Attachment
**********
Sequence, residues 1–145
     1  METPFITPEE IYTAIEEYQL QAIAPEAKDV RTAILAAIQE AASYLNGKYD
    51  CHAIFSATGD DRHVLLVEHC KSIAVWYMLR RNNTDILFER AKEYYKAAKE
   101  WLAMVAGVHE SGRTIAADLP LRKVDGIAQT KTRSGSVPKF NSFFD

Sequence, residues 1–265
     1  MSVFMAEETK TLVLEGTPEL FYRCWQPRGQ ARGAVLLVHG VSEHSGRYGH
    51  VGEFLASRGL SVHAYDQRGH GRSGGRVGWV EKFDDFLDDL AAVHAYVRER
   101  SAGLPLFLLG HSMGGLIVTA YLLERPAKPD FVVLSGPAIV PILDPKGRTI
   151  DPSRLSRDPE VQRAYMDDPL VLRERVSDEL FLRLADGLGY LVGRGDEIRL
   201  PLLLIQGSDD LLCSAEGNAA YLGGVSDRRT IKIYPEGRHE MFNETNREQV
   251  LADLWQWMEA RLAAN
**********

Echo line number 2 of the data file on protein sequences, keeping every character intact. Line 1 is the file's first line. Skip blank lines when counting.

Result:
     1  METPFITPEE IYTAIEEYQL QAIAPEAKDV RTAILAAIQE AASYLNGKYD